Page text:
How to Deal With Crying in the Workplace According to Experts

According to a survey carried out in Daniel Goleman’s book Leadership: The Power of Emotional Intelligence; 74% of women have admitted to crying in the office at least once, so why is it such an office taboo?

Compared to only 8% of men surveyed, with all participants stating that waterworks would most likely cost them credibility and reliability in the workplace.

Even the firmest manager should understand that crying is the body’s natural response to stressors. Spending many hours a day in the office, there is a higher chance of receiving bad news about family members or friends can trigger all types of high level emotions, even in a conference room.

Being criticised or judged harshly for crying when it’s entirely warranted, it might be a sign of a toxic work culture. Having a work culture that understands the daily stresses that managers and team members are going through is an indication of a healthy environment. Crying shouldn’t be perceived as a weakness, more of an emotional reaction to life and work.

So, what you should do if you’re feeling the need to cry at work?

If you’re experiencing hardship, give yourself breaks away from your desk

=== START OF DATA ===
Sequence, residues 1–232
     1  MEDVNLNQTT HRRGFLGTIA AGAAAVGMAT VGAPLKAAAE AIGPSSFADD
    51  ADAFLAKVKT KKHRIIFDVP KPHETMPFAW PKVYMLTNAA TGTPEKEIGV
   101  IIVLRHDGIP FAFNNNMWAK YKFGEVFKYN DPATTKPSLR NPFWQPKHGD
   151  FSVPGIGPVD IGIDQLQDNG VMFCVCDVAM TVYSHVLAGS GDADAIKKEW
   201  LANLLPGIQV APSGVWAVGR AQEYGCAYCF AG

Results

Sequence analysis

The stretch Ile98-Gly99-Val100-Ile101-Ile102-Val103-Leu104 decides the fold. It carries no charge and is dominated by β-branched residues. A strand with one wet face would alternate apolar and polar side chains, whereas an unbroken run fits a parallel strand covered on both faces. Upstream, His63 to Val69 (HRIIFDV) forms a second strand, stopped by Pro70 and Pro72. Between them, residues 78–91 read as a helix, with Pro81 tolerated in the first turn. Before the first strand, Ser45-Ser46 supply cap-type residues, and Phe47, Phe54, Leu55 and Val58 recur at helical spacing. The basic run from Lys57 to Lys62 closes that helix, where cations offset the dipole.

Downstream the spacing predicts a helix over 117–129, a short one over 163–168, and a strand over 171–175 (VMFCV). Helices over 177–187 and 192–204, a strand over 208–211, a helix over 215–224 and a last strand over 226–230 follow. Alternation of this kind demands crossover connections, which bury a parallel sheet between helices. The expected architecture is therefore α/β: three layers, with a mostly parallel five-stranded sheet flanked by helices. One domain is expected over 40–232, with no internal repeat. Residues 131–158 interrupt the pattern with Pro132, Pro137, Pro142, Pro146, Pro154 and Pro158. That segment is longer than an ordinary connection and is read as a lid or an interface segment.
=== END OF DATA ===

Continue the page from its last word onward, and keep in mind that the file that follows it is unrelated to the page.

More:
If you’re experiencing hardship or an uncertain time in your life, try to mitigate as many factors as you can where you’ll be susceptible to feeling overwhelmed. If you’ve just had a big breakup or personal crisis with family or friends, see if you can reschedule meetings or phone conferences. Consider taking personal time off for the rest of the day or a longer lunch break depending on the situation’s severity.

Take time away from your immediate surroundings

“For unforeseeable incidents, get comfortable with the phrase ‘I’m upset and need a moment to gather my thoughts.’ Letting yourself take time to be upset is a good coping mechanism and a normal stage of grief or any emotional response. Turning off emotions is not a healthy response to stressful or situations. Rather, learn to manage the time and place to release any adverse emotions, returning to work or the meeting when you can communicate more effectively. Spending sitting at your desk trying to not cry will leave you emotionally drained with little energy for working or constructive activities.

If you are naturally a more sensitive person, prepare for highly charged moments at work

If you’re an emotional person, plan for what you can anticipate such as performance reviews or presentations. If either of these events are looming, practice the discussion and performance ahead of time. One of the most frustrating aspects of being emotionally responsive is that feelings often limits the ability to communicate our thoughts and feelings. The frustration caused by this then creates more upset, producing an upsetting catch 22 situation. Practicing your reactions to different situations will help.